The EMDR Institute™ goes on to say, “EMDR therapy shows that the mind can in fact heal from psychological trauma much as the body recovers from physical trauma. When you cut your hand, your body works to close the wound. If a foreign object or repeated injury irritates the wound, it festers and causes pain. Once the block is removed, healing resumes. EMDR therapy demonstrates that a similar sequence of events occurs with mental processes. The brain’s information processing system naturally moves toward mental health. If the system is blocked or imbalanced by the impact of a disturbing event, the emotional wound festers and can cause intense suffering. Once the block is removed, healing resumes. Using the detailed protocols and procedures learned in EMDR therapy training sessions, clinicians help clients activate their natural healing processes.”
Suzanne’s 5R’s of Emotional Detox
Similar to our own 5R’s of True Cellular Detox and Healing™, Suzanne was kind enough to share her own 5R’s of Emotional Detox. We love how well these steps tie in to our cellular healing philosophy.
R1: Remove the trauma lodged in the brain and the body. This is done through bilateral stimulation with a certified EMDR therapist.
R2: Regenerate new thinking. You work to shift your thinking from the limbic thought of, “I’m not safe,” to the more rational, prefrontal cortex thought of, “I survived that. I’m a survivor.”
R3: Restore the body to health. This involves opening up those emotional pathways, and shedding the “emotional toxins.” This step can include physical activity, like walking or yoga, and diet, lifestyle and True Cellular Detox™ strategies.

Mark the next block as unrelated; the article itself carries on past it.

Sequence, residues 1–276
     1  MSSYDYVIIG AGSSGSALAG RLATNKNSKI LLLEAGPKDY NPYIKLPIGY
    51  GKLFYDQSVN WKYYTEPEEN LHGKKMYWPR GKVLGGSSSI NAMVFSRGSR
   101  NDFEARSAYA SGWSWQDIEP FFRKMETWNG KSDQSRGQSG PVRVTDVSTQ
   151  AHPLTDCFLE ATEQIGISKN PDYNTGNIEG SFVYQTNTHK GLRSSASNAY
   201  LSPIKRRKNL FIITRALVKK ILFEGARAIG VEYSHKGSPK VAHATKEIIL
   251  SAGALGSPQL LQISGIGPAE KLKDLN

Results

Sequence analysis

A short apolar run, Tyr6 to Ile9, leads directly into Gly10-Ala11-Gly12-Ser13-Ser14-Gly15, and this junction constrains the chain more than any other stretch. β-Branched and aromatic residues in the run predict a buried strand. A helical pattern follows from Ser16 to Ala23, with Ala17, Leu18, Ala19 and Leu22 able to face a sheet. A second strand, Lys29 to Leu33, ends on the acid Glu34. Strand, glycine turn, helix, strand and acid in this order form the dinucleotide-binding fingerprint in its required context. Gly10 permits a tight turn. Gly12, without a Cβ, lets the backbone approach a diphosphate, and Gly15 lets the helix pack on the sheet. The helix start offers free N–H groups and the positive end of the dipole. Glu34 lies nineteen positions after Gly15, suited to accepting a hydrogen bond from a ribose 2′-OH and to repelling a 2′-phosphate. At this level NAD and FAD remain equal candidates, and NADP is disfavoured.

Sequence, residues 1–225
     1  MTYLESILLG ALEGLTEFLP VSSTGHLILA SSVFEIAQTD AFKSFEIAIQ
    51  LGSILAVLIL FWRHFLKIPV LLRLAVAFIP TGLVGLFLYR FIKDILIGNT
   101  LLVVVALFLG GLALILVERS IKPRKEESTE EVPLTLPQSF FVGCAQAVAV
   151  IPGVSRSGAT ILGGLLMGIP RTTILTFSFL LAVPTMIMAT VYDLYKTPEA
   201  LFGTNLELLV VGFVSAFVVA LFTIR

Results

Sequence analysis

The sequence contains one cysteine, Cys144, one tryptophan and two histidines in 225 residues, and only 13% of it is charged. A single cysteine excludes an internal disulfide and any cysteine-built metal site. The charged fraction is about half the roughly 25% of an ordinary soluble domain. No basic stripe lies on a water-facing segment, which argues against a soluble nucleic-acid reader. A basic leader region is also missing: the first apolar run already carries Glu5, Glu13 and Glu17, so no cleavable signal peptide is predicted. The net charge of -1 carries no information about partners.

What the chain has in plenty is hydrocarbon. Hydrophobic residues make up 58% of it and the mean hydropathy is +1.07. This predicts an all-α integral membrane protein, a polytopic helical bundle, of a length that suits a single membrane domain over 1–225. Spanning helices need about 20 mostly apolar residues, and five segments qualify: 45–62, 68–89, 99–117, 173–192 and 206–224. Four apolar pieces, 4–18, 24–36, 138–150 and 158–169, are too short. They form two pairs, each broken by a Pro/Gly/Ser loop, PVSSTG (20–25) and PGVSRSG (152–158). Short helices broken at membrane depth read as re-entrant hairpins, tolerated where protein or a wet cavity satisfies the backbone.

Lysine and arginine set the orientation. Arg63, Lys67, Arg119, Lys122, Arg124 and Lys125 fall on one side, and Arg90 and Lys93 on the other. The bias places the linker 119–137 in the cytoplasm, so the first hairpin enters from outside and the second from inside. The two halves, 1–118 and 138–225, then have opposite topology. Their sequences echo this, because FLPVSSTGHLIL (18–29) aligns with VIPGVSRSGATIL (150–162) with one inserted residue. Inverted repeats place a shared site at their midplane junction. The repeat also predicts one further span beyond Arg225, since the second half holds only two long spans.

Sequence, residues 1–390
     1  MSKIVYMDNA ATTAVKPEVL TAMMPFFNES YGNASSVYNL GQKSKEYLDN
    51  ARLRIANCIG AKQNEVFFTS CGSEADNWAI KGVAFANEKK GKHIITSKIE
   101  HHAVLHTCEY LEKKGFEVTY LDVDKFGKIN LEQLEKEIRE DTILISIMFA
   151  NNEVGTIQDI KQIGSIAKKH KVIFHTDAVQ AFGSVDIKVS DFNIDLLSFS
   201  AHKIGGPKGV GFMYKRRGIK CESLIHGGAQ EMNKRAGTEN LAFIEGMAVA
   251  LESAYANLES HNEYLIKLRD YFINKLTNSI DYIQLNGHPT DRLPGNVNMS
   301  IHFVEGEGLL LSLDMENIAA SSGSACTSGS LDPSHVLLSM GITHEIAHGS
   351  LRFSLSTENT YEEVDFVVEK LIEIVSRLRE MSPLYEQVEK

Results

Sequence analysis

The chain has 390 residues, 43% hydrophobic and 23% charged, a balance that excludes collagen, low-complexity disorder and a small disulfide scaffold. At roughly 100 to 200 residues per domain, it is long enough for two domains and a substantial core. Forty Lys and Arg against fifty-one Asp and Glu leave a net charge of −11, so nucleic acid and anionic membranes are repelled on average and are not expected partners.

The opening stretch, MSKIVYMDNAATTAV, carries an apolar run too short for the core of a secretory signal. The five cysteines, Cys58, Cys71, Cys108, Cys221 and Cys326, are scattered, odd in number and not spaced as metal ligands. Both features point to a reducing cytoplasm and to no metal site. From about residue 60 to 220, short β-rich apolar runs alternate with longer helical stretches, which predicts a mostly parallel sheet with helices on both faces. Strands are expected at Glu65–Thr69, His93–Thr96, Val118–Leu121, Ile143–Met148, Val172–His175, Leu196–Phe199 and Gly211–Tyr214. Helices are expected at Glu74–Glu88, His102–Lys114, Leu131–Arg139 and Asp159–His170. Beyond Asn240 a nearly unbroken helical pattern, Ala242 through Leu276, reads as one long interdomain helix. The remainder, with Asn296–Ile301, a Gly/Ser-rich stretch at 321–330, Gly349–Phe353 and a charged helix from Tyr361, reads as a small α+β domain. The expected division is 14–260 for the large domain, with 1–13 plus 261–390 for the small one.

R4: Reduce negative emotions. At this step you and your therapist work to reduce the stressors that trigger the anxiety and panic attacks in the first place. Using the bilateral movement in EMDR therapy helps to remove the negative feelings from traumatic experiences. You don’t forget the experiences, but the anxiety that they trigger is effectively reduced, sometimes completely eliminated.
R5: Reestablish homeostasis in the body and brain. Suzanne describes, “And so that is the outcome, homeostasis, for the brain. We’ve got new thinking. We’ve got new emotions, and now we have a body that’s calm and relaxed.”
Emotional Detox and True Cellular Detox and Healing™
How does this therapy tie in with True Cellular Detox and Healing™? Think of psychological stress and trauma as another toxifying agent needing to be addressed. Emotional trauma affects not just the brain but the entire body. And so often, when dealing with clients, if someone’s not progressing the way we’d expect by removing chemical interference or chemical/physical stressors, we look to the emotional stressors present. Remember that trauma doesn’t have to be acute, or large to make an impact. Smaller disturbing events can still block the mind from true healing. Addressing emotional trauma is a key factor to consider as part of cellular healing.
Suzanne stresses that to tell a person suffering from psychological trauma, large or little, to simply develop a better outlook on life as part of healing the body is ineffective and unhelpful. Like we talk about removing the source (R1) when it comes to cellular healing, emotional trauma needs to be detoxed from the brain and body properly so that anxiety and latent fears are cleared from mental pathways, paving the way for true healing to begin. EMDR therapy seems to hold much promise in helping to achieve emotional detox and it’s another great tool to put in your cellular healing toolbox.